Title: Language Documentation
Convenor: Cathy Moser Marlett
Cathy began with a brief introduction to the language documentation project that she and Steve Marlett conducted and are conducting in Punta Chueca and Desemboque. She had a set of slides based on a talk that Steve Marlett gave in Oaxaca at CEDELIO.
Then she talked about where the Comcaac live in Sonora, Mexico, a bit about the people and the language. She talked about the legacy of her parents (Edward and Mary B. Moser) working on the Seri language, and how their work led to the trilingual Seri-Spanish-English dictionary. She explained how a Seri editorial committee was involved in the final dictionary product. One of the results was a workshop for Seri writers.
The Seri language is a language isolate, which means it’s not related to neighboring languages (and no other known languages). It is a structurally complex language. It is not taught in the local schools. Literacy in Seri is low (but Spanish reading and writing are taught in school). Even though the use of the language is strong, there are a lot of external pressures, such as the internet, television, and more contact with Spanish.
Cathy then gave a background of the Seri language documentation project, much of it having to do with the existing interest in local biology. This corresponds with younger Seris who are already involved in projects of monitoring plants and animals, for instance. One of the goals was to train these folks in how to videotape and conduct interviews, in Seri. Other goals include: teach students how to read and write, teach basic grammar, work with them to make literacy materials. A big point was how to return what they learned back to the community.
There are over 200 hours of video interviews made by Seri young folks (this was not done by outsiders), all conducted all in Seri. Written permission was first sought from each of the interviewees prior to being recorded. The interviewers made up the permission slips themselves. The videos were to be archived and not to be used by outsiders, but by local community members; the videos belong to them. The young folks and the interviewees were paid to participate and the interviewees were also given basic foods to participate.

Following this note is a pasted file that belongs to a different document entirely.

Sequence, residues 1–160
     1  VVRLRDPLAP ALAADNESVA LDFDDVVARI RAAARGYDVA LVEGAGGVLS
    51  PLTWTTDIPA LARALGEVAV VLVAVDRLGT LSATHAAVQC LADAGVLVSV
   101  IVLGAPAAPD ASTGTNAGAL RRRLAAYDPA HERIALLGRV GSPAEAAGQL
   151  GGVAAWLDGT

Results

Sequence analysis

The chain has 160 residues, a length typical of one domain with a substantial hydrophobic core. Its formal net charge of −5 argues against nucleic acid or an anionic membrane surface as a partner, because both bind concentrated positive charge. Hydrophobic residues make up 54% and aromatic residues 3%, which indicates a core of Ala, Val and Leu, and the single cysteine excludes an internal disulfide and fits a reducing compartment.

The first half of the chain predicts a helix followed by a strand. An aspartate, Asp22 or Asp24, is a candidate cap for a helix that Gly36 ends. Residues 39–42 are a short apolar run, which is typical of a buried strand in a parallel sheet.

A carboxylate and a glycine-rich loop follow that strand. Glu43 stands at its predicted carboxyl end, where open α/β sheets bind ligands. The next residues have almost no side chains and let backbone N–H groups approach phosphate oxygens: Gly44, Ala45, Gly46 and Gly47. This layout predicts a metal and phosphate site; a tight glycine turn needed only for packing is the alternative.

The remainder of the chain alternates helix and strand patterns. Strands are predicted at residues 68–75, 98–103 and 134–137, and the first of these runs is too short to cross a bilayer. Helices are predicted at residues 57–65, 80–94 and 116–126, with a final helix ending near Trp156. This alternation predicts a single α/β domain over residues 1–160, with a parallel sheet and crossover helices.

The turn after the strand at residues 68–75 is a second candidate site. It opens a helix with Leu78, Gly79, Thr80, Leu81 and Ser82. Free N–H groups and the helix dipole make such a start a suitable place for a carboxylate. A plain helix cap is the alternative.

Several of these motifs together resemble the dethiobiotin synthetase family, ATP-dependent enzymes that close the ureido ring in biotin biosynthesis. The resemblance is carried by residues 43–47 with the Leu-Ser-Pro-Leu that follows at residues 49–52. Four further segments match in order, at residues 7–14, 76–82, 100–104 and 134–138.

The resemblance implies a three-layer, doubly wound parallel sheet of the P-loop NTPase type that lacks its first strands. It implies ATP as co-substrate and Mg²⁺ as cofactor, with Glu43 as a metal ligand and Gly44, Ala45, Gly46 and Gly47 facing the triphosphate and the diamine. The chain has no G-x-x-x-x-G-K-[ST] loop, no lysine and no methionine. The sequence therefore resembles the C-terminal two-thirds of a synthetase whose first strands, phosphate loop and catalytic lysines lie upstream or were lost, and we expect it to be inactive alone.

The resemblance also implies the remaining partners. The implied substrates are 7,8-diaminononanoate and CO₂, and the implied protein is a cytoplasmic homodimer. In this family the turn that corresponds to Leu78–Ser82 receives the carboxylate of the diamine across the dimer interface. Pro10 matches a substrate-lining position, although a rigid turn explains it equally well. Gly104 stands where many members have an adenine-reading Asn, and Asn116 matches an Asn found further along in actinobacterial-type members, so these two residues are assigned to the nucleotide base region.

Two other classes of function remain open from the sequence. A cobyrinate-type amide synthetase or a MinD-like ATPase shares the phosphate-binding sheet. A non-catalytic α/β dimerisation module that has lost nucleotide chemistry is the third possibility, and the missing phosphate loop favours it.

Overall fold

Steve and Cathy spent six months in Desemboque and six in Punta Chueca, over a two year period.
Although the space for the classes in Desemboque was not ideal, the classes were held in a vacant house belonging to María Luisa Astorga, and worked well. There were between 9-12 students in each class. Outside of class, the interviews were conducted by the interviewer and the interviewee, with another young person working with the camera. The idea was that the relationship between the interviewee and interviewer was more like an elder talking to a young person, perhaps a family member. Since there weren’t usually outsiders around, the talk was very fluid. The interviewers learned a lot in the process.
There were some tangible results from the Desemboque class, and there are more than 12 young people who now feel capable to read and write in Seri. The students wrote a riddle book about shells, and a number of essays were written in Seri about mollusks and used in a calendar that focused on the subject.
Cathy noted that an interesting aside was that during the time in Desemboque at least 7 people with PhDs in different fields came and observed the classes; this gave a special connection between the Seri young people and researchers interested in Seri knowledge.
Steve and Cathy also had a class in Punta Chueca, with two groups every day that participated, in a house dedicated for use for their classes. In the Punta Chueca classes there was more participation by young men. There was more participation by family in these classes as well. Some literacy books came out of this (with illustrations). More texts were written in Seri. Classes in grammar were given where they also practiced editing texts and reading texts. Some of the results of the class include positive contacts with a lot of young folks. One person started to teach young folks in the afternoons. Young people became good readers and read with confidence. Older folks came and watched the class. They listened and nodded.
In general they learned about the importance of having an interest in the natural environment of the area. Marletts saw the importance of having written descriptions with which people can interact, the importance of literacy and how important it is to be adaptable, creative and patient.